How FDRC Works
How FDRC works
The Financial Dispute Resolution Commission (FDRC) was established by experienced finance professionals and lawyers as the reserve scheme to provide greater accountability and transparency in the financial sector. The Financial Dispute Resolution Commission (FDRC) is the neutral, third-party Financial Dispute Resolution Centre that is dedicated specifically to financial institutions including forex brokerages, asset management firms, trust funds and payment services providers. The Financial Dispute Resolution Commission (FDRC) sets out to promote the most important values, namely trust, social responsibility and quality service.
The Financial Dispute Resolution Commission (FDRC) has an Advisory Council, which is appointed by the members and consumers, to monitor and advise the scheme. The Advisory Council is made up of five members: an independent chair, two industry representatives and two consumer representatives. Members of the Advisory Council are appointed for two years.
As part of FDRC’s commitment to international best practice for dispute resolution, it has an independent panel to call on when an expert opinion is required by the Scheme Adjudicator. Each of the panel members is carefully selected for their expertise in their respective field. To avoid any conflict of interest they must not be practicing, or otherwise declare any potential conflict – in which case they will stand aside on cases where a conflict may arise.
The Financial Dispute Resolution Commission (FDRC) also has in-house experts specialising in conflict management.
The Financial Dispute Resolution Commission (FDRC) provides a three-level complaint process, which aims to resolve disputes efficiently and thoroughly.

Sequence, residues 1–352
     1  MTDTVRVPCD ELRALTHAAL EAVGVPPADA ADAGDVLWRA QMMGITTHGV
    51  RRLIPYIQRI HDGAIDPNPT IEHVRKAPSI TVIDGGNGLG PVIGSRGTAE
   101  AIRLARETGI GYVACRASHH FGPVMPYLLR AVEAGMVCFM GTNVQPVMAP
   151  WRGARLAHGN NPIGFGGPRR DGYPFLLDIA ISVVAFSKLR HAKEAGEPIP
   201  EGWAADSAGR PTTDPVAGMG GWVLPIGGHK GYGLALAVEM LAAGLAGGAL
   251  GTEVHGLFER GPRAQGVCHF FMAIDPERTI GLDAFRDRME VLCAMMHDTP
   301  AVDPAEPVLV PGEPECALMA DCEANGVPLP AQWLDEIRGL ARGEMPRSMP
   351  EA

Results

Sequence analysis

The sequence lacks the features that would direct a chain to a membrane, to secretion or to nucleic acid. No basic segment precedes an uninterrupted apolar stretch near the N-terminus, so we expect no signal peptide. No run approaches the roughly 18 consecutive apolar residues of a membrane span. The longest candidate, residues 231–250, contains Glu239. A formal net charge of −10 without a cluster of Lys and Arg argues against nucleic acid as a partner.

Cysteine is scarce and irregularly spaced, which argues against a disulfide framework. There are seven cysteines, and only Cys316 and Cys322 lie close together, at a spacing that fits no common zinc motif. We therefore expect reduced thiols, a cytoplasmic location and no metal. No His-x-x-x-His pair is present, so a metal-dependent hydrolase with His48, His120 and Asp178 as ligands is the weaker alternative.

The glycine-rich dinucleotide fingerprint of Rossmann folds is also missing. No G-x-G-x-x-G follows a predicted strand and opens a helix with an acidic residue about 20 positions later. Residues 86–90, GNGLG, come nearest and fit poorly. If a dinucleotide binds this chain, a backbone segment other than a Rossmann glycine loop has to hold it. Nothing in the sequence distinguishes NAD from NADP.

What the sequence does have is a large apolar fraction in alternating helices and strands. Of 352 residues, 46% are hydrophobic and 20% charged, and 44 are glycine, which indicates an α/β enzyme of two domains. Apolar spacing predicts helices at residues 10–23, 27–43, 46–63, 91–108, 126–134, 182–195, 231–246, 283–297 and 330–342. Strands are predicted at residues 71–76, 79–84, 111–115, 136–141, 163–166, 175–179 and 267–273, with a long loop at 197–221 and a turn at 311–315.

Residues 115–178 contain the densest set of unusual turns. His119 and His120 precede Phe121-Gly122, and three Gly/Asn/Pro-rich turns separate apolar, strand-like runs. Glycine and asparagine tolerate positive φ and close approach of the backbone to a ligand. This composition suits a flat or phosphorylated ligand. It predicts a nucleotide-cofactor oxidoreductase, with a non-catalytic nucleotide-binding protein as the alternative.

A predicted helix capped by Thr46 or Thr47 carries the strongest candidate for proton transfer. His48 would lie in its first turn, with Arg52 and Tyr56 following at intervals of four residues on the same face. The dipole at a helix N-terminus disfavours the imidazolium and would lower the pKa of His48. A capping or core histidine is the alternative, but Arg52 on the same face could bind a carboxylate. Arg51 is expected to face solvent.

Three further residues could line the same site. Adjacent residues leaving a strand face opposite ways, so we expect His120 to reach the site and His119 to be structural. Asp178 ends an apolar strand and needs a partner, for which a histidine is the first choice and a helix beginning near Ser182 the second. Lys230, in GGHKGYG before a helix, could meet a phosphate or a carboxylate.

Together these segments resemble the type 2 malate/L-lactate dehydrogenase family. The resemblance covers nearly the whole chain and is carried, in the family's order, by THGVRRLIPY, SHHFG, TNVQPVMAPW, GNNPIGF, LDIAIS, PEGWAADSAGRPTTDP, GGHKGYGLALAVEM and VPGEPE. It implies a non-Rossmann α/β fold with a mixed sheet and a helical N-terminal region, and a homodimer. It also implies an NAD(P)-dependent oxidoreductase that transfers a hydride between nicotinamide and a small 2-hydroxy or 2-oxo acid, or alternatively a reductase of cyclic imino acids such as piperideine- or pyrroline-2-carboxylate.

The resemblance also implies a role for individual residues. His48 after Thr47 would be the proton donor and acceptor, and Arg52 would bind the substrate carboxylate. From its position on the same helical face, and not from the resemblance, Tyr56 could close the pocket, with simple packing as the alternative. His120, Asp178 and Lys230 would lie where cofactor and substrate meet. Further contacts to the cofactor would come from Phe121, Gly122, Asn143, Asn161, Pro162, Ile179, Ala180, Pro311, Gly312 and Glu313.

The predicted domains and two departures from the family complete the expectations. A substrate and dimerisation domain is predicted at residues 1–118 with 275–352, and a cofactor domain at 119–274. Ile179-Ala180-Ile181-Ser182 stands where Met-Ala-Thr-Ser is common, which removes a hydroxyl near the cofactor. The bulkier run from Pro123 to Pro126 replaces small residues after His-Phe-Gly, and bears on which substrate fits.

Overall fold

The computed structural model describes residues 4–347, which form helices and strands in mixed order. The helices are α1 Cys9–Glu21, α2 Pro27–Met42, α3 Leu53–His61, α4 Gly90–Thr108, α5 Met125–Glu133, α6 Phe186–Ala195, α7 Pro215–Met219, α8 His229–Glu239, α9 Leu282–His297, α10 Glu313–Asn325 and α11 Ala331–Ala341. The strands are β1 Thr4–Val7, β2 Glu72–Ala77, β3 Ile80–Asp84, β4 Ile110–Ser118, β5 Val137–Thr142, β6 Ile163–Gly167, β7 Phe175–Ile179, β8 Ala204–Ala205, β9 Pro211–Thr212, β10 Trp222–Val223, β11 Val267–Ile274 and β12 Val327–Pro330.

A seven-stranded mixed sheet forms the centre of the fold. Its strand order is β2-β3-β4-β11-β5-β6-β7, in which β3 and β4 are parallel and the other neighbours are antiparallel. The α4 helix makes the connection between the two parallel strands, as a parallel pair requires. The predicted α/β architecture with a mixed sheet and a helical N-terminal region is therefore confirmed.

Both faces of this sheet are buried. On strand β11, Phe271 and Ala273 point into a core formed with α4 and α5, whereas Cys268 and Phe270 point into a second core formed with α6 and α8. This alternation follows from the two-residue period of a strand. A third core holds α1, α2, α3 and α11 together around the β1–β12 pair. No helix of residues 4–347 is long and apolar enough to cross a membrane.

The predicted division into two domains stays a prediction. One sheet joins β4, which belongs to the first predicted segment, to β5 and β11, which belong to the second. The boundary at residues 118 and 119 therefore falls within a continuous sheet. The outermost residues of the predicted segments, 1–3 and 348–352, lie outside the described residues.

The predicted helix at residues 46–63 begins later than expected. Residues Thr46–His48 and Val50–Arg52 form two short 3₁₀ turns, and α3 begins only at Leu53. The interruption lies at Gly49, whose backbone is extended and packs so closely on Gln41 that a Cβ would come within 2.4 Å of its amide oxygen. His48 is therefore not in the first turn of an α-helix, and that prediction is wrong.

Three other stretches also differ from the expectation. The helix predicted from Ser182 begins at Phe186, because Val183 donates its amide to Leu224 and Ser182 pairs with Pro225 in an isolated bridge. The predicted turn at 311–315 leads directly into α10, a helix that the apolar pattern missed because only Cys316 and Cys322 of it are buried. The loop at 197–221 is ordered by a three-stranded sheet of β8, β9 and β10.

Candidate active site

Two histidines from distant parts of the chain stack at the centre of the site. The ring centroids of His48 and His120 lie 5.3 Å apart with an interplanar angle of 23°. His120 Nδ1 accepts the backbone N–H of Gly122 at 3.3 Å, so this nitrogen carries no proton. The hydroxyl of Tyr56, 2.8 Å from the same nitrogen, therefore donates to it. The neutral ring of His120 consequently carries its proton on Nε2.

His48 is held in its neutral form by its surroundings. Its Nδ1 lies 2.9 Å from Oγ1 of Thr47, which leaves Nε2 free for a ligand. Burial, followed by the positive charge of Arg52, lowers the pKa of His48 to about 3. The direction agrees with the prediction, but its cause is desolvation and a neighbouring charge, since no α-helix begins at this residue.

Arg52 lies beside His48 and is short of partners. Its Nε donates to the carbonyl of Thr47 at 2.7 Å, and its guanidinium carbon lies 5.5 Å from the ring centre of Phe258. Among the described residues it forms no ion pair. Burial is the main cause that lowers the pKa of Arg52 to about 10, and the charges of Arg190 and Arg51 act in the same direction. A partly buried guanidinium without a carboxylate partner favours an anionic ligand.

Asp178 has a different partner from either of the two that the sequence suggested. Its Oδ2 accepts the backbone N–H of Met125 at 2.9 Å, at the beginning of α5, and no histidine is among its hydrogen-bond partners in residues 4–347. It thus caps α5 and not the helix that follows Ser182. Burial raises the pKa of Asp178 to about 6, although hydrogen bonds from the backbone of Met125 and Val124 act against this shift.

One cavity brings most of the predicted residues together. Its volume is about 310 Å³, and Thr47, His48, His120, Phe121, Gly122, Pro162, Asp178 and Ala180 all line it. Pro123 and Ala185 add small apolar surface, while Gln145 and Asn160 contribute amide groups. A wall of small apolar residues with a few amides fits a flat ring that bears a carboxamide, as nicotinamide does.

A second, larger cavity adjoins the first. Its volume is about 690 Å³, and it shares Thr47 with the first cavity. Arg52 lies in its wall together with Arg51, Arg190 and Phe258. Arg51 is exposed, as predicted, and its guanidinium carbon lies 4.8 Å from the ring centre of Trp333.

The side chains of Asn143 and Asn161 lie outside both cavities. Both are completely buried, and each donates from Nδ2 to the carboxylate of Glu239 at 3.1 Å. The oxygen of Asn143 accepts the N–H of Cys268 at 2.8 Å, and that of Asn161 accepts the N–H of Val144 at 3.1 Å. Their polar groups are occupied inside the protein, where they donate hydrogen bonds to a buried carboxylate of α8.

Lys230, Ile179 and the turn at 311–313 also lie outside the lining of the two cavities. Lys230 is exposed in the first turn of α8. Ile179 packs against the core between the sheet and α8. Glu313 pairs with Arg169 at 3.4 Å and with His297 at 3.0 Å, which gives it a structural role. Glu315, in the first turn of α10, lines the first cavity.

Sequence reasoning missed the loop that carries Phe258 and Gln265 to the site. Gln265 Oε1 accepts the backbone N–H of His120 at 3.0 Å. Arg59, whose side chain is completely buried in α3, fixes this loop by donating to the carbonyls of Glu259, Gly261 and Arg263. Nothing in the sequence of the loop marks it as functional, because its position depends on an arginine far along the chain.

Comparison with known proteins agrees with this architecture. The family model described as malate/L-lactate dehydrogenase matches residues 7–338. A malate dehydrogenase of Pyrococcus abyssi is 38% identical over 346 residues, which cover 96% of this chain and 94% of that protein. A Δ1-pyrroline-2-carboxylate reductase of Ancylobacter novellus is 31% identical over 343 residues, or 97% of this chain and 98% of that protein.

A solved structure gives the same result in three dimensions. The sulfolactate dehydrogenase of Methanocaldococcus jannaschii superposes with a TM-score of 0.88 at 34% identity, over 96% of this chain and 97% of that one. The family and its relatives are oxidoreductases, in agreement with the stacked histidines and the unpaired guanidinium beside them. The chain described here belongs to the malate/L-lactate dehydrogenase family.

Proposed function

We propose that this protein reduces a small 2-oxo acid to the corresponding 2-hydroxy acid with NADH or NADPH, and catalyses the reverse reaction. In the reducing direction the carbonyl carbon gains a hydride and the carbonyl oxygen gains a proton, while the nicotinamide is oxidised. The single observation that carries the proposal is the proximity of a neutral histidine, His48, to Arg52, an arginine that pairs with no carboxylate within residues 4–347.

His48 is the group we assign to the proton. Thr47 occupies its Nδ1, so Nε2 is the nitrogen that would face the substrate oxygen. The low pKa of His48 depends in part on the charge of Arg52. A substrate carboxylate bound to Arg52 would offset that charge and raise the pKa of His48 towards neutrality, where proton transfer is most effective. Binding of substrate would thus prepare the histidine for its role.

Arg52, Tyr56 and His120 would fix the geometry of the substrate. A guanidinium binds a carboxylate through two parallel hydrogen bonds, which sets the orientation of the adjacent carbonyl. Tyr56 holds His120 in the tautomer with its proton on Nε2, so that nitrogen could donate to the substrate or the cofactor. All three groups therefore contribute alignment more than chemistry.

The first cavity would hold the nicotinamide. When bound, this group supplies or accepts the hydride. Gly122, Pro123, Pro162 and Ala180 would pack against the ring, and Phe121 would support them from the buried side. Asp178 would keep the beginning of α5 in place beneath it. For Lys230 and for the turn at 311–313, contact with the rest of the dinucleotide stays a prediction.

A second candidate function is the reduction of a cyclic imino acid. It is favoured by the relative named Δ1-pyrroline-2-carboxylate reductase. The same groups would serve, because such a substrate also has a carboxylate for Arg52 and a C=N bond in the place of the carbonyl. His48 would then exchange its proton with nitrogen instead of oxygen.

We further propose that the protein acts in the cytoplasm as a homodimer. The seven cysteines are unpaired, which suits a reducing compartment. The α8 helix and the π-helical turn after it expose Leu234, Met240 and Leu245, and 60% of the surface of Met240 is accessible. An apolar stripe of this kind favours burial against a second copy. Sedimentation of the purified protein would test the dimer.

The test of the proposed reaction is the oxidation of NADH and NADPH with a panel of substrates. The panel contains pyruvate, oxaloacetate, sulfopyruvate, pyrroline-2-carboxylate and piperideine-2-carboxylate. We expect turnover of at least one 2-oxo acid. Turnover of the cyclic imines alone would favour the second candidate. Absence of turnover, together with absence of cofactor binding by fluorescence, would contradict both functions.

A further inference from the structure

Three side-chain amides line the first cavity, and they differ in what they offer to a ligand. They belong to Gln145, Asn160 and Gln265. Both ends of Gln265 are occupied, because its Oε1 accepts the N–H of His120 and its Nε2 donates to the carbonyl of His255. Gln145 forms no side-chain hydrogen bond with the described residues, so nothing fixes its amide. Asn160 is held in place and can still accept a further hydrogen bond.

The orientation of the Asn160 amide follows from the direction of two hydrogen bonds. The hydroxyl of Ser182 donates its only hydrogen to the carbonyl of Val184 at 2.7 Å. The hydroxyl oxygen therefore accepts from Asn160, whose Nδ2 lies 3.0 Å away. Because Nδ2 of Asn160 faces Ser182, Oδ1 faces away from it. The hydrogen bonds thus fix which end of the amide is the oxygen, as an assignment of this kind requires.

Disputes can cover the services and advice that has been received from an Authorised Firm Member, but not the Authorised Firm Member’s general policies and practices or fees. For more information, visit What’s covered page.
Many disputes can be resolved in the initial stages of the dispute process, but those that can’t be resolved are escalated up through the three levels. If an agreement between the parties cannot be reached, The Financial Dispute Resolution Commission (FDRC) issues a formal decision. If a consumer agrees with the formal decision it becomes binding on the Scheme Member. Consumers who are still not happy with the outcome have the option of taking their dispute through other channels such as the Courts or the Disputes Tribunal.
The dispute resolution process
The complaint is assessed for jurisdiction and deadlock. The complaint must have already been made to the Scheme Member, and the Scheme Member given an opportunity to resolve it. The complaint must also be about an event that happened after the date that the Scheme Member joined the scheme. A facilitator will liase with the parties to confirm that the complaint has reached deadlock. If so, full details of the complaint are requested so that The Financial Dispute Resolution Commission (FDRC) can establish jurisdiction. If found to be in jurisdiction then the complaint is accepted and enters into the dispute process.
Information is gathered from all parties and exchanged. This may often result in resolution, once all the parties can see all of the information, and gain a better understanding of the others’ position. However, if there is no resolution at this stage the dispute moves to Level 2.
At this level FDRC aims to help the parties reach an agreement themselves.
A mediator works with the parties to gather more information and to explore possibilities for resolution. The meetings are either face-to-face, via video or telephone conference or by email. If the parties can’t reach an agreement, The Financial Dispute Resolution Commission (FDRC) considers all of the information and recommends a settlement. If the parties don’t agree to the recommended settlement, the dispute moves to Level 3.
This final stage of the process is conducted “on the papers”. All information and submissions provided by the parties are passed to an adjudicator. The Adjudicator issues a proposed final decision and invites comments. If the parties don’t agree with the proposed decision, a final decision is issued. If the final decision is accepted by the consumer, the decision becomes binding on the Scheme Member. If the consumer is not happy with the final decision, the complaint is closed. The consumer is still able to take the matter to other forums, such as the Courts or the Disputes Tribunal.
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